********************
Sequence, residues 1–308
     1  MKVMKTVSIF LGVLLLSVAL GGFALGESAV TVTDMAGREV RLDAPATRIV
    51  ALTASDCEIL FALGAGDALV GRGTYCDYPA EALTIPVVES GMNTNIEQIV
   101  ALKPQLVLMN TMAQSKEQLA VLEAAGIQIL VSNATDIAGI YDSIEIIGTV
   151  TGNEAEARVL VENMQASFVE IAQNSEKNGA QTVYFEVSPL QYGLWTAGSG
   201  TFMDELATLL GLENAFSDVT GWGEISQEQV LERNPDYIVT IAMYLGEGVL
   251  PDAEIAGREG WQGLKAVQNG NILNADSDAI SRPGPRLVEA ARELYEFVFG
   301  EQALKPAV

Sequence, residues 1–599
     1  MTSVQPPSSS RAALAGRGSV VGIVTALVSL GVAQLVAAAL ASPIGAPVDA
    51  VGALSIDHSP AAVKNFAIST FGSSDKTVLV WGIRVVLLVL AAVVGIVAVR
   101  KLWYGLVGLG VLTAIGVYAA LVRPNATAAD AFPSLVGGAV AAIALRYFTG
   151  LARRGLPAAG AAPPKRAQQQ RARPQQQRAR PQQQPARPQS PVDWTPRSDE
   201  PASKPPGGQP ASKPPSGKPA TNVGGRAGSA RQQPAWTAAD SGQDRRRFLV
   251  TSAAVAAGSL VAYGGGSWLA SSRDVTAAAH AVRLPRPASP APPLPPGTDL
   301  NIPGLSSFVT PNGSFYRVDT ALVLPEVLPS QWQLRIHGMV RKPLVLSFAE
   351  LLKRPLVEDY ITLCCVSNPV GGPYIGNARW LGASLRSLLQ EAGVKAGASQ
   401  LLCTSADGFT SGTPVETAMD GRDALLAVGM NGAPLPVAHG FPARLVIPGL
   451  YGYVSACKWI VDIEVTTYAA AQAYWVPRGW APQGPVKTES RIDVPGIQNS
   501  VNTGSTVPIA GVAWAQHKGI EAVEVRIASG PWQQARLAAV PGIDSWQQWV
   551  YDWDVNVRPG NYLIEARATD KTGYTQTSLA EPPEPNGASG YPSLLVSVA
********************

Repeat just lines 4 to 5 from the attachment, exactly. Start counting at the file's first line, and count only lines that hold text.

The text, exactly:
   101  ALKPQLVLMN TMAQSKEQLA VLEAAGIQIL VSNATDIAGI YDSIEIIGTV
   151  TGNEAEARVL VENMQASFVE IAQNSEKNGA QTVYFEVSPL QYGLWTAGSG